And Miss Coulter further stated that: "Thanks to the vigilance of an alert teacher at Lynn Lucas Middle School outside of Houston, two sisters carrying Bibles were prevented from bringing their vile material into a classroom. The teacher stopped the students at the classroom door and marched them to the principal's office." At this same school three students had book covers which displayed The Ten Commandments. These were duly seized by the school's administation and thrown in the garbage, and the students were dutifully informed that The Ten Commandments constituted "hate speech." Ahh, now we know why that loving, compassionate Left-wing federal judge made that hate-monger, Roy Moore, take The Ten Commandments monument down in Alabama--they really constitute "hate speech" and the caring, concerned federal judge didn't want and of the pagans or apostates to feel "intimidated." How considerate of him! And then, there was the case in Tupelo, Mississippi, where school administrators purged all Christmas carols of their religious contents and then led the children in a "celebrate Kwanza" chant. I could continue with pages more of such horror stories, but I think this much has made the point. These are not isolated occurances, but are rather a part of overall government school policy--everything is permissable and even encouraged except Jesus Christ--and He is to be purged from the memories and the minds of all government school students in any and every way possible.
Lest you think this is only a recent problem and could be corrected if we just "got back to the good old days" let me pass along a few comments from the late theologian, R. J. Rushdoony. In his book "The Nature of the American System" Rushdoony wrote of the foundations of the public, or government, school system in the United States. He told us that: "The public school' movement, or statist education did not exist until the 1830s. Statist education began as a subversive movement, and its bitter, savage struggle has not yet been written." He noted that the "father of the common schools" (government schools) was a Unitarian, and that the Unitarians were in the forefront of the battle to promote state, or government schools. Rushdoony noted of Horace Mann that "For Mann, Unitarianism was true Christianity, and with humorless zeal, he fought for his holy faith." Mann and his Unitarian and socialist friends saw Christian education as backward and not capable of dealing with the issues of their day--and so they sought to promote a government-run school system, mandated by compulsory attendance--with Christ totally out of the picture. That didn't happen all at once, but that it has happend and is happening is pretty hard to deny. It should also be noted that Unitarians were those that did not accept the Divinity of Jesus Christ. To them He was just a good teacher, like He is to many of the religious liberals of today, who are, in effect, nothing more than Unitarians but don't have the guts to admit that.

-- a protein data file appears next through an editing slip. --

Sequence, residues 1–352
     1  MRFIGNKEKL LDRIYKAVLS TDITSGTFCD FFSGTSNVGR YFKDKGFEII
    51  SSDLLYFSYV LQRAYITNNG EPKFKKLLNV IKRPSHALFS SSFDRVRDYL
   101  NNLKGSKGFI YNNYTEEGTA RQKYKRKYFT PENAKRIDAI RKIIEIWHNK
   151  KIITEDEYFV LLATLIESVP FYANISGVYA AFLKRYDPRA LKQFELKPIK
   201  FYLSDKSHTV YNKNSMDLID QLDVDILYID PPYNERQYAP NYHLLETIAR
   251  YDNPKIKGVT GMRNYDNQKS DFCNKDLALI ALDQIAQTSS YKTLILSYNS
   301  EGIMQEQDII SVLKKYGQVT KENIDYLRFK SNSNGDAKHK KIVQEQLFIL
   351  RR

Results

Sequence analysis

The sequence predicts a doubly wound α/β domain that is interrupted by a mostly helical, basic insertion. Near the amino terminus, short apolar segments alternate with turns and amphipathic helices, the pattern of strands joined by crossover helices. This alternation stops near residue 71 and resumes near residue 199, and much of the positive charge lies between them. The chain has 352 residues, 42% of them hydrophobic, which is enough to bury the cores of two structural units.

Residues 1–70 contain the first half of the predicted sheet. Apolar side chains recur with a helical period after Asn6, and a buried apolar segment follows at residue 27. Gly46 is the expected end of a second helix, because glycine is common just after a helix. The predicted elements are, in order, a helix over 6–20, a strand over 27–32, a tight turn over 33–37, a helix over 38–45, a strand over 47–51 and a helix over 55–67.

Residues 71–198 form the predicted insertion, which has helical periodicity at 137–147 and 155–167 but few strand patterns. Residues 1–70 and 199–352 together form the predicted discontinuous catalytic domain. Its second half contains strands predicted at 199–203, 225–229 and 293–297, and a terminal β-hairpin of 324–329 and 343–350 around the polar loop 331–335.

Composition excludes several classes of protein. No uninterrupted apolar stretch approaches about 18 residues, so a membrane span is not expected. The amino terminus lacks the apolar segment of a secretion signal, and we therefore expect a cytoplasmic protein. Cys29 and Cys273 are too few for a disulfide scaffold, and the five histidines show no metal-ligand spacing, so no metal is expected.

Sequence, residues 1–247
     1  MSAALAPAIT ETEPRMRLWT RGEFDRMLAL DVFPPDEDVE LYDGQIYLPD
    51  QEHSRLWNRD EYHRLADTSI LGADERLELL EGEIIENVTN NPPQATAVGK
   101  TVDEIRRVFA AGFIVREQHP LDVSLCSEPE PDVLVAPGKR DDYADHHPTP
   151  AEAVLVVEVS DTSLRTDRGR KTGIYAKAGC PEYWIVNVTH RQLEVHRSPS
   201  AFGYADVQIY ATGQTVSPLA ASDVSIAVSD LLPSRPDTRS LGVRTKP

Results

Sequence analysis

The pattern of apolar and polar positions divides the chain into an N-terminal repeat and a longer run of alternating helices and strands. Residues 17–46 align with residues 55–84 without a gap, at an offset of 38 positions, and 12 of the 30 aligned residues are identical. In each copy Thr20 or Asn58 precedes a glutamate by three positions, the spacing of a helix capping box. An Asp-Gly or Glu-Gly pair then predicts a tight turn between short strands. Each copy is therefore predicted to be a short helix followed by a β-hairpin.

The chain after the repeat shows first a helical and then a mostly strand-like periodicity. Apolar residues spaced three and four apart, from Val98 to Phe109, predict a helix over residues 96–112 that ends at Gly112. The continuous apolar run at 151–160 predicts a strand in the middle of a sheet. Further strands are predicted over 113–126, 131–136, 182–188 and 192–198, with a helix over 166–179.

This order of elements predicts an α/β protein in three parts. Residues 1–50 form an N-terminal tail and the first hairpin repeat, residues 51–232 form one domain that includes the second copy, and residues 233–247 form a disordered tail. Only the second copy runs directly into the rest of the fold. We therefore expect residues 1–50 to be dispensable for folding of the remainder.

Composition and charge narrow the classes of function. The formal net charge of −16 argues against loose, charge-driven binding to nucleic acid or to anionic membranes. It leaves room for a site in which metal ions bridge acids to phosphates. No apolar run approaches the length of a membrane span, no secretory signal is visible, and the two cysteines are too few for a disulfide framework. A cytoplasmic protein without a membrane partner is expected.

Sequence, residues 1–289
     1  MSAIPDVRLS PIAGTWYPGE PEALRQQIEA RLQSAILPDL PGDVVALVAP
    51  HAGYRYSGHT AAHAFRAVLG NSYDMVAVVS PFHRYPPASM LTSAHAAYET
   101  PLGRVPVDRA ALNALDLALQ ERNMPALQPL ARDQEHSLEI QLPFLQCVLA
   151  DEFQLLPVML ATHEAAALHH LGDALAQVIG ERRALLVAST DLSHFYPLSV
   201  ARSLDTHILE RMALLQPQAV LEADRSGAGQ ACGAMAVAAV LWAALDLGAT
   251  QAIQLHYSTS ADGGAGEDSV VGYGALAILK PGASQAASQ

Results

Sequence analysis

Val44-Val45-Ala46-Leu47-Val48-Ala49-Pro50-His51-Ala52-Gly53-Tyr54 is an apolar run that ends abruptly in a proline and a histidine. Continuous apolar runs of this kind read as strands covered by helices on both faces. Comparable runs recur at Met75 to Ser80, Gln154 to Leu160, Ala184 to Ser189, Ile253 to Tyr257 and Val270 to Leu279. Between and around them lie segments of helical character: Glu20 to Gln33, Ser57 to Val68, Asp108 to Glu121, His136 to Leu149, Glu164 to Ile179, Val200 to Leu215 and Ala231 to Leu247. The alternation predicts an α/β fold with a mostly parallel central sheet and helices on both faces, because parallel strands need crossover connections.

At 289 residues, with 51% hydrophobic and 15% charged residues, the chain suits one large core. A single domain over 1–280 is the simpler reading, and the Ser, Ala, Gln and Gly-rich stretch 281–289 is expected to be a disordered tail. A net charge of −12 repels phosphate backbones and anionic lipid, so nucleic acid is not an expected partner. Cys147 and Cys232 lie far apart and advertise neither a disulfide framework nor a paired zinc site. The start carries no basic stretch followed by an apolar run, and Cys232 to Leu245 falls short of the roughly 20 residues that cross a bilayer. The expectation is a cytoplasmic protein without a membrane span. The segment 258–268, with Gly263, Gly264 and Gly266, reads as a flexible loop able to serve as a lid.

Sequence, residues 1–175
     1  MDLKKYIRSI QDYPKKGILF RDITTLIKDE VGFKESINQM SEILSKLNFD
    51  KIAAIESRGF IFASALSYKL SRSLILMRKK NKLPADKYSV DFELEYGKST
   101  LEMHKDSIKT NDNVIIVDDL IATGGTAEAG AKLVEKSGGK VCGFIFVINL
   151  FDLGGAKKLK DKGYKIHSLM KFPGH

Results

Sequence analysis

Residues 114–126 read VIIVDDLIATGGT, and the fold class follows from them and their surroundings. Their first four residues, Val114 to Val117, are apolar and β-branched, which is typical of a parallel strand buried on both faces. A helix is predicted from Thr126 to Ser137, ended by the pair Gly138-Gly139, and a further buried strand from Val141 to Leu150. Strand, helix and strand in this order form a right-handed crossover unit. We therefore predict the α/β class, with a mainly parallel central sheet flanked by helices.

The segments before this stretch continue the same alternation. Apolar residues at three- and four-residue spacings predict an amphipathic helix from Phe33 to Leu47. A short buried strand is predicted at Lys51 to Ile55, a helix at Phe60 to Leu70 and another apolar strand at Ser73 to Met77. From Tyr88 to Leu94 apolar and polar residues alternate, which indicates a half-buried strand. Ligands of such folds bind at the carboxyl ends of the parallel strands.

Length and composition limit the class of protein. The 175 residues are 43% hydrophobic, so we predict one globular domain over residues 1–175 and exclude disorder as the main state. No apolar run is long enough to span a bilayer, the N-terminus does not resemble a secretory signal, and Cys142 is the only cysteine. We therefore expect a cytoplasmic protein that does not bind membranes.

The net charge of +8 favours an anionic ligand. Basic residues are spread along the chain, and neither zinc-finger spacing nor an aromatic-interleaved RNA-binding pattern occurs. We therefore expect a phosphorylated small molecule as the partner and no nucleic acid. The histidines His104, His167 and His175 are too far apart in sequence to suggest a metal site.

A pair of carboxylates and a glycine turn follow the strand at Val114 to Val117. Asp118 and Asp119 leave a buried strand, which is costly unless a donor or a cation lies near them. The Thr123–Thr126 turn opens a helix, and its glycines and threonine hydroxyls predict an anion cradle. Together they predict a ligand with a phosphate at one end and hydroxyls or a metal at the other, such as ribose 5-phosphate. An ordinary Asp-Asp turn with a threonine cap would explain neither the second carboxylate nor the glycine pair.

The fact that we now have government schools that are busily purging anything remotely Christian out, while encouraging the promotion of Judaism and Islam should be proof of where this "educational" system has really been headed since the first day. These schools are doing nothing more than continuing the same policies and trend started by Horace Mann back in the 1830s. These institutions of "learning" can hardly be described as anything but anti-Christ, and hence, they do not deserve, and should not have, the support of Christians. Christians should move their children out of these schools and either enroll them in Christian schools or, better yet, teach them at home. It is not a matter of "taking our public schools back." That is utter foolishness and folly--these institutions were never "ours" to begin with.
And it should again be noted, as has been in the past, that government schools in the South, after the War of Northern Aggression, were an integral part of the "reconstruction" plans of the Northern establishment. In light of all this, people really need to begin to rethink their utopian visions of what they think public, or government, schools really are. Sober reflection in this area is a vital necessity, and I can guarantee that if some concerned parents are willing to begin to do this, they won't like what they see.